Mark Machin, president and chief executive officer of the Canada Pension Plan Investment Board (CPPIB)
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SINGAPORE — Central banks have slashed interest rates this year in an effort to revive economies ravaged by the fallout from the coronavirus pandemic. But low interest rates are proving to be a challenge for investors, even ones who have long-term, multi-generational views on investments such as Canada’s massive pension fund.
While the Canada Pension Plan Investment Board’s (CPPIB) long-term game plan hasn’t changed much in light of the virus outbreak, the one thing that’s challenging the fund is the zero-bound, according to Mark Machin, president and CEO.
“The fact interest rates are now zero-bound – does that change the diversification benefit of bonds in the long term? I think we, like a lot of long-term asset owners, are looking at reviewing that,” he told CNBC’s “Squawk Box Asia” at the Singapore Summit on Wednesday.
Zero-bound refers to an expansionary monetary policy tool used by central banks to lower short-term interest rates to zero to stimulate the economy by reducing the cost of borrowing. But for bond investors that would mean they may receive less than their initial investment at maturity despite paying a large premium as bond prices and yields move in opposite directions.
For example, a week and a half after the U.S. Federal Reserve cut its benchmark rate to near zero in March, yields on both the 1-month and 3-month Treasury bills dipped below zero.
“We have a lot of other fixed income alternative in our portfolio so we have things like infrastructure, power renewables, we have credit exposure, we have hedge fund exposure — we have a lot of other things in that space but that holding government bonds in large size is something that we will continue to examine, whether that’s the right thing to do at the zero-bound,” Machin added.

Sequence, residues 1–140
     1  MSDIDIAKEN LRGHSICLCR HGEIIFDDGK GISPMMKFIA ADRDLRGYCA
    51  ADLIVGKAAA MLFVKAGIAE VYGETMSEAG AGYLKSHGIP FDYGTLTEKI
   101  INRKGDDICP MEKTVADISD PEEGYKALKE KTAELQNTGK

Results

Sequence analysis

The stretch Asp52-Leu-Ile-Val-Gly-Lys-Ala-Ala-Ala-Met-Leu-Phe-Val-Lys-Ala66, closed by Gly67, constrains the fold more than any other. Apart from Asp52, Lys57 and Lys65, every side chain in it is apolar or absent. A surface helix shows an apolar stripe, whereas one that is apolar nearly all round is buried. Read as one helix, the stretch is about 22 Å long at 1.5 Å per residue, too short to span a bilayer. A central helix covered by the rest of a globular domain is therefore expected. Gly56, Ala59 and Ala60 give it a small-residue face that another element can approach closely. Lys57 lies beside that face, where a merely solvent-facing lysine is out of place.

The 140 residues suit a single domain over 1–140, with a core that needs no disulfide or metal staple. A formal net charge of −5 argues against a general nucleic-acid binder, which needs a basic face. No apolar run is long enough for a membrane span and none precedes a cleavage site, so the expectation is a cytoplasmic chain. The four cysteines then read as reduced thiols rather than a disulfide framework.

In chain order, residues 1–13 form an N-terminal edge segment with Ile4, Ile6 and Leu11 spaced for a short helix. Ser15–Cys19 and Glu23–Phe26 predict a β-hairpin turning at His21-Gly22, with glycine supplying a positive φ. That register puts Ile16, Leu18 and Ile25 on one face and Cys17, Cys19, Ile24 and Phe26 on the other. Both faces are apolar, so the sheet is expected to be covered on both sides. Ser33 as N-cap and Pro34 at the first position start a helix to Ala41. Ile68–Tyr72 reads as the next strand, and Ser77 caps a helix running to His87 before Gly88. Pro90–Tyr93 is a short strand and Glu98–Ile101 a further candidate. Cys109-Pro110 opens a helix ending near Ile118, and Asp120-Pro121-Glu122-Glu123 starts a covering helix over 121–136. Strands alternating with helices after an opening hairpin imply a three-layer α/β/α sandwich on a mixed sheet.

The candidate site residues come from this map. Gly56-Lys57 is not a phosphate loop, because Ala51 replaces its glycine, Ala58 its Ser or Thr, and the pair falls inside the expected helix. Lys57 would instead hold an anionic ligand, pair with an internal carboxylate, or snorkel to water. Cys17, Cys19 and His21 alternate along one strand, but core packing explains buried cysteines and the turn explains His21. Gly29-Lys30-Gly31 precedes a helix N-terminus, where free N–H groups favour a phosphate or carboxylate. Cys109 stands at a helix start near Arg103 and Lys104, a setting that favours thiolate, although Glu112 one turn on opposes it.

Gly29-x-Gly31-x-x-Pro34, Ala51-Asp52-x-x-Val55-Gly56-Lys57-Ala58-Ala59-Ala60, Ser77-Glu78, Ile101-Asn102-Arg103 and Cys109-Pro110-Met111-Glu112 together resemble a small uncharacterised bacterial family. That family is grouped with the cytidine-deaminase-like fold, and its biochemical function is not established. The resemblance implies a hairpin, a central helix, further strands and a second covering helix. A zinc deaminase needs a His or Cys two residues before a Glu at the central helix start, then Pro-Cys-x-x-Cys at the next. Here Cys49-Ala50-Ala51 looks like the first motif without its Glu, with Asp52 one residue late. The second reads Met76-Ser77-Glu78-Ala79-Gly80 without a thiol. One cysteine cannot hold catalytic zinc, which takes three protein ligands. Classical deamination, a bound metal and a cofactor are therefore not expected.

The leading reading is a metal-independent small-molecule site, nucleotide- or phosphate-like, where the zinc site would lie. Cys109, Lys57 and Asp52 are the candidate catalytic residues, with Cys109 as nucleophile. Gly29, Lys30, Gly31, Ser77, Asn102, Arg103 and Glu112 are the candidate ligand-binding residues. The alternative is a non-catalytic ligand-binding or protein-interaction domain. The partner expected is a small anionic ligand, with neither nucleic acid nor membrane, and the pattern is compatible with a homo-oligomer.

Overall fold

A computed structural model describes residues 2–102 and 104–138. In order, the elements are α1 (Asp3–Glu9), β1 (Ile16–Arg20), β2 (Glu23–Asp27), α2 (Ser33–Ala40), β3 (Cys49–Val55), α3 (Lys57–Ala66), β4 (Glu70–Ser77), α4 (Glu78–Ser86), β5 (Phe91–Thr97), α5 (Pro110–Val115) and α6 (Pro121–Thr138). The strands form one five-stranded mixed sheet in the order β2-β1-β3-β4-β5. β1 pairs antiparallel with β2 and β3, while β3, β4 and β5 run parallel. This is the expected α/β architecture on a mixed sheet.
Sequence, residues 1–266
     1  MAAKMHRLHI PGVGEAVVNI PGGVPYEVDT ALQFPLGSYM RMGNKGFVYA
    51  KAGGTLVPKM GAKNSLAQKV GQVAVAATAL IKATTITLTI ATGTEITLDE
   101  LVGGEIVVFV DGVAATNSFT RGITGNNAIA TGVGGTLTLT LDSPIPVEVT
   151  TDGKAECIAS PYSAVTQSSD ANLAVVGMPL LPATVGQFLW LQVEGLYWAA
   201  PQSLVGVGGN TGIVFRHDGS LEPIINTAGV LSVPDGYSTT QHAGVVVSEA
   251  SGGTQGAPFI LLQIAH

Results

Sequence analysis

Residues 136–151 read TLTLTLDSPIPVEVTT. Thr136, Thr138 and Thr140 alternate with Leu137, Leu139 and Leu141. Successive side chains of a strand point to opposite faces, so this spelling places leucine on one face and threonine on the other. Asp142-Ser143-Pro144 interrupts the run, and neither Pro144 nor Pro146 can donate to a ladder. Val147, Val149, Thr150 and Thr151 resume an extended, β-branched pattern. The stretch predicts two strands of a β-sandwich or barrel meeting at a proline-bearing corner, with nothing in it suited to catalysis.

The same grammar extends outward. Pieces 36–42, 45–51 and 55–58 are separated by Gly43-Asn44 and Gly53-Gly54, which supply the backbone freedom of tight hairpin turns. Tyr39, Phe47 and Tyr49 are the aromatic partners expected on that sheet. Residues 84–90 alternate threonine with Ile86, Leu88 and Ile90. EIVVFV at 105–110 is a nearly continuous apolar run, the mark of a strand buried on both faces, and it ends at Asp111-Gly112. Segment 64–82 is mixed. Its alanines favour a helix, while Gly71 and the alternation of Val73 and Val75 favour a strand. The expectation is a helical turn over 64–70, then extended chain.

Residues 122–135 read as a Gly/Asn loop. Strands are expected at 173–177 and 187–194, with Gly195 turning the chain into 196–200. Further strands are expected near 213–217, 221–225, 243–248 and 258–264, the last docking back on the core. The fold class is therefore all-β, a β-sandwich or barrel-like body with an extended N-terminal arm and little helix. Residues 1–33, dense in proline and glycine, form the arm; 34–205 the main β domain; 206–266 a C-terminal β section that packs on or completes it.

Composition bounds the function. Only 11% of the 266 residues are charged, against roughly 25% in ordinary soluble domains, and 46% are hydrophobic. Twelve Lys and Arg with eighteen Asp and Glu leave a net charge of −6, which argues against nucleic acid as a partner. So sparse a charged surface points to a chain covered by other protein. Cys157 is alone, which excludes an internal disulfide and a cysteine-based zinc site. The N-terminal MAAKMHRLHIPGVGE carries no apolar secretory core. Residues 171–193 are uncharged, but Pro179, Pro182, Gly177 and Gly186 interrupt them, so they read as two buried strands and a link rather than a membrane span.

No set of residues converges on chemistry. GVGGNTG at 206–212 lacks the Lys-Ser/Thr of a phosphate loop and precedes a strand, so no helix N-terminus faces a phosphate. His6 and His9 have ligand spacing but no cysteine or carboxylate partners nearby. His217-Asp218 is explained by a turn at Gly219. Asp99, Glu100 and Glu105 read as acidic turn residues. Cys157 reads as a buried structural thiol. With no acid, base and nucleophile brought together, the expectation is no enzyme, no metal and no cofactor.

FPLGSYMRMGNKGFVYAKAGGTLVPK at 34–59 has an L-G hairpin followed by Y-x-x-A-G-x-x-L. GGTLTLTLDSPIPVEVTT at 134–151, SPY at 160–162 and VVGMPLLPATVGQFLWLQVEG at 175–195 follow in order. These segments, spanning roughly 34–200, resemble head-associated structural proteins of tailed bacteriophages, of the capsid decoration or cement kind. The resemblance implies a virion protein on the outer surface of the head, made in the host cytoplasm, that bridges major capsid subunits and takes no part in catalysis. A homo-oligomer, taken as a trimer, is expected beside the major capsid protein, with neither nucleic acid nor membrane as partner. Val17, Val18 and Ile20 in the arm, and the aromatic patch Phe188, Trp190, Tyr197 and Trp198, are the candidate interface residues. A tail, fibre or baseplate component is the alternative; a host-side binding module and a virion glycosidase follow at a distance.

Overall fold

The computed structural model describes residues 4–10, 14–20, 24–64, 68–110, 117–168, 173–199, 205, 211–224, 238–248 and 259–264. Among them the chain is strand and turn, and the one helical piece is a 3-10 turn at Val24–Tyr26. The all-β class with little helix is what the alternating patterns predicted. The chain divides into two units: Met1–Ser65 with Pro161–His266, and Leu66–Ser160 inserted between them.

CPPIB manages about 434.4 billion Canadian dollars ($329.75 billion) as of June 30 and a bulk of its investments are in North America — around 34% of total assets are allocated in the United States — followed by Asia.
The fund is heavily invested in both the technology and health-care sectors and continues to invest, according to Machin. Companies in both industries have benefited from a change of consumption and corporate habits due to the pandemic.
“Digitization is a massive theme across the world, it is being talked about — it’s probably a five to 10 year acceleration across many sectors,” he said. He pointed out how online education has taken off in Asia due to more specialized companies dealing with the changing trends and predicted that adoption would pick up over time in Europe and the U.S.
CPPIB on its website says it factors in environmental, social and governance (ESG) risks and opportunities into its investment analysis and actively engages with companies to promote “improved management of ESG.”
“We think no company can survive and thrive in the long term if they are not considering their impact on the environment, if they are not considering their impact on the communities they are in, if they are not considering the quality of the governance that they are running their companies with,” Machin said.